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195702 Desert Magazine 1957 February

195702 Desert Magazine 1957 February

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THE DESERT EVENING CALLS
By GEORGIA JORDAN
Ocean Beach, CaliforniaThe Desert Evening calls, with siren's charm,And draws me
to
her drifting sand,Forgetful
of
the furnaced day's alarmWhen Death was hidden
in
her hand.The Desert Evening, casting shadows, callsTo welcome night.
I
catch
her
pleasantmood,And breathe
the
pure, cool
air as
twilightfallsAnd stars appear
to
share my solitude.
By TANYA SOUTH
Vague
is
the purpose
of
our faring,Dim our vision, small our scope,And puny
is
our highest daring.The problems with which
we
mustcopeAre so minute: And yet the ant,Scarce seeing us
as en it
trods,Will unto us high powers grant,And think
us
gods.
GOLDEN EAGLE
By JULIA BROGAN
Kansas City, MissouriUp
he
soars
to
breathless blue,Crggs and rocks beneath him spread,Clouds that dazzle overhead.He dips and turns, then lifts anew.In the boundlessness
of
space,With sun-bronze wings he hovers near.Nothing
in
depth
or
height
to
fear,He floats, with ageless, silent grace.Soon two more join him
in
the fun.O'er peaks too steep for man
to
climb,Infinitesimal, sublime,They disappear into the sun.
I'D RATHER
By EDNA
M.
NEWMAN
San Bernardino, CaliforniaI'd rather sleep
on the
ground 'neath
a
tamariskThan lodge
in
the finest hotel.Bask
in
the sun on the desert,Than live where the city folks dwell.I'd rather see stars up
in
heaven,Than lights
on
he great white way.Or listen
to the
night bird call
his
mate,Than
to
hear the finest band play.
By IRENE WELCH GRISSOM
San Gabriel, CaliforniaA lily true
to
type and fairAs
if it
grew with hothouse care,If lifts above the burning sandAnd lava rock
of
arid landTo bloom where little else will grow,Beset by bitter winds that blow.A lovely flower that lends its graceTo light
a
barren, lonely place.In every landscape something fairFor beauty breaks
in
everywhere.
BACK TO THE DESERT
By REN A OAKLEY LEWIS
Roseburg, OregonI want
to
go back
to
the desert;I feel lonesome and weary and old,I am lost
in
the maze
of
the city,I am sick
of
the rain and the cold.I want
to
see distant horizons,Feel the urge
of
their beckoning hands;Hear again the voice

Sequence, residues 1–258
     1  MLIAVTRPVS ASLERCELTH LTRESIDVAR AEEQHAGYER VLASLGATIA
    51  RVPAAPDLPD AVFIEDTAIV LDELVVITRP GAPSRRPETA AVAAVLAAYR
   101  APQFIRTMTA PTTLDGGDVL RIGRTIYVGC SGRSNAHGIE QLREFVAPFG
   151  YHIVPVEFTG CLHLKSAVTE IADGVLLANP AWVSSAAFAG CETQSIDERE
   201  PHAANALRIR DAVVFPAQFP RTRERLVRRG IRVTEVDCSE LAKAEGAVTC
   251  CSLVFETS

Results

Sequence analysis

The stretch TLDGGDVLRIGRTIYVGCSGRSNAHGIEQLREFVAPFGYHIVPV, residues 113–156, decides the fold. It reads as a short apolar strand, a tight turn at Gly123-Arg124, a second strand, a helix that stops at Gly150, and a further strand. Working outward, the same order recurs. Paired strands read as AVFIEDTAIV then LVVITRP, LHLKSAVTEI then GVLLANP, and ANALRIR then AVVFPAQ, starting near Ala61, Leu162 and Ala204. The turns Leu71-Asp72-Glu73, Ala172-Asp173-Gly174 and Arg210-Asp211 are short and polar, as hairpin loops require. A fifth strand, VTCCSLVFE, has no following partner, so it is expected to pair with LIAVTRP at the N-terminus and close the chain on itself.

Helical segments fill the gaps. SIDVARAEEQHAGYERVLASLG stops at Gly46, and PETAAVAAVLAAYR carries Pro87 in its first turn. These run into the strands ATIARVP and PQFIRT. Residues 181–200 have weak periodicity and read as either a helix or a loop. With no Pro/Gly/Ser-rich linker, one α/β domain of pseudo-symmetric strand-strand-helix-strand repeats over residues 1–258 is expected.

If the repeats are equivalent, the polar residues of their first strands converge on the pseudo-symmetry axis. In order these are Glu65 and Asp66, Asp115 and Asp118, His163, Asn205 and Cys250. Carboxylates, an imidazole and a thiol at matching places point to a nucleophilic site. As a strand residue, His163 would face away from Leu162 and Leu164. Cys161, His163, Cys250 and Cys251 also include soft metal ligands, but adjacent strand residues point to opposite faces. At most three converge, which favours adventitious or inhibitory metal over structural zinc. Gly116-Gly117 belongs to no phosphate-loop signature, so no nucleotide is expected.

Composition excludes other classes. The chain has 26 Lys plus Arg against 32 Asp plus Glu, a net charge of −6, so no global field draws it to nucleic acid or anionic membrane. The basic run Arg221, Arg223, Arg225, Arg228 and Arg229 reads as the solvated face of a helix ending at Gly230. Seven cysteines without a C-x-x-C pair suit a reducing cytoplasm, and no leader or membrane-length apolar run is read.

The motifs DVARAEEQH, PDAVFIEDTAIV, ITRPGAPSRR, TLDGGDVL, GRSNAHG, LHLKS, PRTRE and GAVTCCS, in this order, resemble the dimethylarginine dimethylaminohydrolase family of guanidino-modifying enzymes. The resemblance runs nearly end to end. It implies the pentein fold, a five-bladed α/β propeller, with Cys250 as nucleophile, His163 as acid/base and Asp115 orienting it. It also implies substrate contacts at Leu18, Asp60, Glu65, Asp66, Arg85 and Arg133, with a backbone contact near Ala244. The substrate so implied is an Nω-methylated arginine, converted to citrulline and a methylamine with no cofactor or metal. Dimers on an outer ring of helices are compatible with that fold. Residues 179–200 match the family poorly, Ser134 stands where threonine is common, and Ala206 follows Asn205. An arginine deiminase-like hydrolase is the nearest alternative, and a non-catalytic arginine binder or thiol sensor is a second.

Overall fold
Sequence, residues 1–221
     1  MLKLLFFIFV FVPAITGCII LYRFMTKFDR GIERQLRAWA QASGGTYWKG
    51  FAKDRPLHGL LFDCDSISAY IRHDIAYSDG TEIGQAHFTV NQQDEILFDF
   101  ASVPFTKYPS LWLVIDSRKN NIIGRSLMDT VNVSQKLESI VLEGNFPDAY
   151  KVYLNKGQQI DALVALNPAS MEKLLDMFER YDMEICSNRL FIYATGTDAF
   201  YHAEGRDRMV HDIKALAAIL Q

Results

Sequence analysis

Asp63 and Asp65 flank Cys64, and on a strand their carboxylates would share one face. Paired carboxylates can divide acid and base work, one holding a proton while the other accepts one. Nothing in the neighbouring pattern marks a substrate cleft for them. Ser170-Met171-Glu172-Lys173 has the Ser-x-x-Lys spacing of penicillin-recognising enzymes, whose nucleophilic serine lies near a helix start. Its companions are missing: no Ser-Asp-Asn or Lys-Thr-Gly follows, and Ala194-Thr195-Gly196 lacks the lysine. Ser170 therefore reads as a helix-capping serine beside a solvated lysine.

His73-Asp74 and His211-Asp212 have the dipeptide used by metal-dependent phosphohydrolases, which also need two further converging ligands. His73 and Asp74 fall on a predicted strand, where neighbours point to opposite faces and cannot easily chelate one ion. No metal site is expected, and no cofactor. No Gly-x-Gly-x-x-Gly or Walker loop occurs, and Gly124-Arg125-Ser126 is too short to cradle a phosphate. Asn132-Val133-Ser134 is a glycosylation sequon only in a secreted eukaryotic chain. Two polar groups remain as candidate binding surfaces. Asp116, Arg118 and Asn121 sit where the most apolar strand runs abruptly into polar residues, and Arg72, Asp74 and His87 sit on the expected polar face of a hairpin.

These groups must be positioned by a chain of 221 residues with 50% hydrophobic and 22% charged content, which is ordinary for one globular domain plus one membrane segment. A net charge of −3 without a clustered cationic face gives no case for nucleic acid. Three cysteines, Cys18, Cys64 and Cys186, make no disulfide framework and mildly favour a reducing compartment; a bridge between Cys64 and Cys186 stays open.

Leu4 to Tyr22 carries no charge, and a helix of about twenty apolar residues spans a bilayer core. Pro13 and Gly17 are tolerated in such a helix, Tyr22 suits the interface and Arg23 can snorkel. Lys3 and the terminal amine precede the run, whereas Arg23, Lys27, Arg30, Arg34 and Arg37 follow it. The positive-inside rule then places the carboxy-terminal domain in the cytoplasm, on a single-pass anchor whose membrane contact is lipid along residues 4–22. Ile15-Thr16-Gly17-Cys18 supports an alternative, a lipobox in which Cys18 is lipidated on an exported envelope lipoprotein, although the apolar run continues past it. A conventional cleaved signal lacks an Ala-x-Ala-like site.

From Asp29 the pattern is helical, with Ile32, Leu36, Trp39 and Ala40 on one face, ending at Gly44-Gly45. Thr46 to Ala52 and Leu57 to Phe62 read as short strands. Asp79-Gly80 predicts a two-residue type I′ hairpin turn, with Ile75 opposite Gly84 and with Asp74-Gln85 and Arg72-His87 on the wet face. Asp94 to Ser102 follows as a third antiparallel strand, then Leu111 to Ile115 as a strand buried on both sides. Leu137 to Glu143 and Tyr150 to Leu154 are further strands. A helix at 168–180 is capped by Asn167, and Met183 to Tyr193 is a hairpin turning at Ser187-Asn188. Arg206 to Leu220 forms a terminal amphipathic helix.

of
the desertAnd the tales
of
the whispering sands.I want
to
hear coyotes yapping,Watch bright desert blossoms unfold,Climb
to a
hilltop
at
sunsetTo gather
a
heartful
of
gold.I want
to
sleep out
in
the open,Gaze up
at
the fathomless stars;The walls
of
this room
in
the cityEnclose me like cold prison bars.There, day
is a
sermon
in
living,And night
is a
hymn and
a
prayer;I want
to
go back
to
the desert,God seems closer to people out there.
MY LOVE FOR ROCKS
By MILDRED
A.
COWAN
North Bend, Oregon1 love
the
rocks, their colors
and
theirforms—Gifts
of
warm, high deserts
of
ocean'sstorms;The polished offerings
of
glacial flow;The prints
of
fronds that swayed—eons ago,I love these rocks
to
search
for
themamongThe hills,
or on the
beach, with knapsackslungReady
to
receive each cherished stone
. . .
I love
to
work with them—content, alone.I love the rocks—but may
I
never
be
So held by them that
I
no longer seeThe white crests
on
the waves, the wheelinggulls—The desert's vastness—a woodland's miracles.These charming rocks
I
will
not
love
the
lessFor taking time
to
watch clouds opalesce,Or
to
cultivate
old
friends,
who may not
find
A message
in a
geode, crystal-lined.My wealth
in
rocks
I
do not count
in
weight,But
in
the joy they give me—which
is
great,
s
PRIVATE DOMAIN
By ADELAIDE COKER
Ojai, CaliforniaBeneath the desert willow, the poolBeckoned
to
me, limpid and cool.Thirsty,
I
bent my head
to
drinkNever really stopping
to
thinkUntil
I
met the golden eyesOf two indignant dragonflies.
DESERT MAGAZINE
Lily of the Wasteland
Comparative
 
DESERT CflLEnDflR
Feb.
1-3—Parada
Del Sol,
Scottsdale,Arizona.
Feb.
1-3—17th
Annual Imperial
Val-
ley Tomato Festival, Niland,
Calif.
Feb.
2—Candlemas
Day
Dances
at
San Felipe, Cochiti
and San
Ilde-fonso Indian Pueblos,
N. M.
Feb.
2-3—17th Annual Palm Springs,California, Rodeo.
Feb.
3-—Dons Club Tour
of
Jeromeand Montezuma Castle NationalMonument, from Phoenix, Ariz.
Feb.
3-5—New Mexico Wool Grow-ers Association Convention, Albu-querque.
Feb.